The Housing Gap: Public housing needs

The Housing Authority of Champaign County manages more than 440 public housing units and over 1,200 housing choice vouchers, according to the Champaign County regional housing study.

At the time of the December 2010 report, there were more than 700 households on a waiting list for assistance.

The housing choice vouchers, also known as Section 8 vouchers, are federally subsidized rental vouchers and allow recipients to move to any single-family rental with an available landlord.  About 90 percent of the vouchers in the county are clustered in Champaign and Urbana.

The report suggested that “deconcentrating the existing public housing and ensuring that new affordable housing is not concentrated in the area would be good ways to begin mitigating the real and perceived effects that come with concentrated poverty.”

The Danville Housing Authority manages nearly 540 public housing units along with 400 subsidized rental vouchers, according to a study released by the city of Danville last year.

Public housing is geared toward the lowest income residents, stated the Champaign county housing study.

Yet advocates believe that even public housing is becoming unaffordable.

Gloria Thompson-Brown is a longtime housing advocate in the Danville area.

She said waiting lists are part of the process when applying for public housing.

“And if they are called in for housing, the deposit could be a hindrance if they can’t come up with the money to pay the deposits,” Thompson-Brown said. “(The) 30 percent of income that’s placed on residents, sometimes that’s a little difficult.”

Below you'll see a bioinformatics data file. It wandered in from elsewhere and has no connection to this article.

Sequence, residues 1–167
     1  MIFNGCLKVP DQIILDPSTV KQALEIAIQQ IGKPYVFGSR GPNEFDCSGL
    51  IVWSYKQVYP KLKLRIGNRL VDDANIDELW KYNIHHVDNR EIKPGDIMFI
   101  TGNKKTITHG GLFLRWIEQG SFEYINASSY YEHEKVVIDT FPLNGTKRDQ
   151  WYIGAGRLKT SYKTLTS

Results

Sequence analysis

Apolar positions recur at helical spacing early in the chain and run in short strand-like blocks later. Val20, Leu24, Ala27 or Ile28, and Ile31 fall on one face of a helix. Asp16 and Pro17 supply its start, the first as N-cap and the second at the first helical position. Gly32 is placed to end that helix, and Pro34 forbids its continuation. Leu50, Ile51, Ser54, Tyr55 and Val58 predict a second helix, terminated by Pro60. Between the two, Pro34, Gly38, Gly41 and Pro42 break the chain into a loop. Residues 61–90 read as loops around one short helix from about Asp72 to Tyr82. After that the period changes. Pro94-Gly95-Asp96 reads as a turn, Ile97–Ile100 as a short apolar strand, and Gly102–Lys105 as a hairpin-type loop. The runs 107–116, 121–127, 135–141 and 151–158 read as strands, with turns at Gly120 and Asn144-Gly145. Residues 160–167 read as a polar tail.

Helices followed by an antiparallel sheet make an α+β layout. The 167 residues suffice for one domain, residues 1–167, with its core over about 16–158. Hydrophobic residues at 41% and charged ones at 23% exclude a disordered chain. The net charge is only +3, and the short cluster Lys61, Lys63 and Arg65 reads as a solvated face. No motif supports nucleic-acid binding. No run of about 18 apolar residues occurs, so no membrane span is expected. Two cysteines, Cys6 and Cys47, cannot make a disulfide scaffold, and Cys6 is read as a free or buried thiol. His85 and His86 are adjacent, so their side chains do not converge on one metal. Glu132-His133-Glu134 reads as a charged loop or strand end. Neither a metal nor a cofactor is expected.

She said that public housing residents pay according to income. In 1969, Congress enacted the Brooke Amendment, which capped the amount of rent public housing residents paid to 25 percent of their income.

In the 1980s, the cap was changed to 30 percent of their income.

The changes, Thompson-Brown said, “made it not affordable because rent, if you’re making money in the working sector, your rent is just going to escalate and escalate until the residents are forced out because they can’t pay the rent that’s being charged.”

Kerri Spear is the neighborhood programs manager at the City of Champaign.

She said that those earning less than 30 percent of the median family income in the Champaign-Urbana area will find it “impossible” to pay for fair market rent.

Those that earn a little bit more or a living wage may be able to afford fair market rent but may find it hard to handle both everyday expenses and unexpected emergencies, Spear said.

“When we look at families that are earning 80 percent or the actual median (family income), we do expect that they’re able to pay,” she said. “So really, what we are going to be focusing on is that extremely low-income population that at no point can they afford fair market rent.”

The National Low Income Housing Coalition estimates that the disposition of public housing results in a loss of 10,000 homes annually.

According to the group, nearly 100,000 public housing units were disposed of between 2000 and 2008.

“This level of homes affordable to the lowest income people tears a big hole in the American safety net,” said Sheila Crowley, president and chief executive officer of the National Low Income Housing Coalition, in a February news release.

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